## Turing Machines, Transition Systems, and Interaction (2004)

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Venue: | Information and Computation |

Citations: | 28 - 4 self |

### BibTeX

@ARTICLE{Goldin04turingmachines,,

author = {Dina Q. Goldin and Scott A. Smolka and Peter Wegner},

title = {Turing Machines, Transition Systems, and Interaction},

journal = {Information and Computation},

year = {2004},

volume = {194},

pages = {101--128}

}

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### Abstract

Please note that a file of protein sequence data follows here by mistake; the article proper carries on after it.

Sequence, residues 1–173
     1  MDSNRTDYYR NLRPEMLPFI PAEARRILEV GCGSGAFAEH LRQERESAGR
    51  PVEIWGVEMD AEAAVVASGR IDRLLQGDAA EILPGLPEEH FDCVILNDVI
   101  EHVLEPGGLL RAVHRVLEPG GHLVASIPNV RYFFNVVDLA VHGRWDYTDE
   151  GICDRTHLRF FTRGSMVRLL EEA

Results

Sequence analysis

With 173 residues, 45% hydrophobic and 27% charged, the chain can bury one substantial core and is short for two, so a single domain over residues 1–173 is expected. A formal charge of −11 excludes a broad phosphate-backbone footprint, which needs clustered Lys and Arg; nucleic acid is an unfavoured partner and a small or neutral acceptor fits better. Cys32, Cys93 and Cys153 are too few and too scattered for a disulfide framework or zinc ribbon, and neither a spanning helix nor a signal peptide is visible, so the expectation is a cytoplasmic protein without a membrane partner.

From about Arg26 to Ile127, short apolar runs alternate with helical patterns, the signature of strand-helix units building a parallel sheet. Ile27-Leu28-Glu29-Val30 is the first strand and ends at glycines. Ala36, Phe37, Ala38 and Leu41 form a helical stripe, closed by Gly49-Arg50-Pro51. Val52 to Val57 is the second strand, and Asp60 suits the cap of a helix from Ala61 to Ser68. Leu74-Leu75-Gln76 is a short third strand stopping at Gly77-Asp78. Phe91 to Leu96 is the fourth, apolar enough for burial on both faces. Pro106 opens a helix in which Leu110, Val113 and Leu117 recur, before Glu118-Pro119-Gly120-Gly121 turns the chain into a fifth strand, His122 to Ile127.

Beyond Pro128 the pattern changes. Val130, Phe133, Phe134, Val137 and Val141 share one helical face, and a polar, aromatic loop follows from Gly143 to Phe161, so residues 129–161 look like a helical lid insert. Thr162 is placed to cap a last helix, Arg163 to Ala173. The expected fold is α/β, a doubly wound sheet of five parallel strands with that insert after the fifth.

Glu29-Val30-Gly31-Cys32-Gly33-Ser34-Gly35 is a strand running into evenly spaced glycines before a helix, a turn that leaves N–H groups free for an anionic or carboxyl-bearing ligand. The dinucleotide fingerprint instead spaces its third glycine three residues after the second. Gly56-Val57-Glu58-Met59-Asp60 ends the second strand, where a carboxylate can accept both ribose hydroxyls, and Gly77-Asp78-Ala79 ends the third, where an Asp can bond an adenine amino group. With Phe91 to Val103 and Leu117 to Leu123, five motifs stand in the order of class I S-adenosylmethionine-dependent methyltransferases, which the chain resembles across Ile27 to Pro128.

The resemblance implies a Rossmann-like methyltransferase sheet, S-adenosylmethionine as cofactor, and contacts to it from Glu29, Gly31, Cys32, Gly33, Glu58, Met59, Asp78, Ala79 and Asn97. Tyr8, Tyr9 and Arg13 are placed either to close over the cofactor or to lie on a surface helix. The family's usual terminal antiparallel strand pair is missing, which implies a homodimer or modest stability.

We present Persistent Turing Machines (PTMs), a new way of interpreting Turing-machine computation, one that is both interactive and persistent. A PTM repeatedly receives an input token from the environment, computes for a while, and then outputs the result. Moreover, it can \remember" its previous state (work-tape contents) upon commencing a new computation. We show that the class of PTMs is isomorphic to a very general class of eective transition systems, thereby allowing one to view PTMs as transition systems \in disguise." The persistent stream language (PSL) of a PTM is a coinductively dened set of interaction streams : innite sequences of pairs of the form (w i ; w o ), recording, for each interaction with the environment, the input token received by the PTM and the corresponding output token. We dene an innite hierarchy of successively ner equivalences for PTMs over nite interaction-stream prexes and show that the limit of this hierarchy does not coincide with PSL-equivalence. The presence of this \gap" can be attributed to the fact that the transition systems corresponding to PTM computations naturally exhibit unbounded nondeterminism. We also consider amnesic PTMs, where each new computation begins with a blank work tape, and a corresponding notion of equivalence based on amnesic stream languages (ASLs). We show that the class of ASLs is strictly contained in the class of PSLs. Amnesic stream languages are representative of the classical view of Turing-machine computation. One may consequently conclude that, in a stream-based setting, the extension of the Turing-machine model with persistence is a nontrivial one, and provides a formal foundation for reasoning about programming concepts such as objects with static elds. We additional...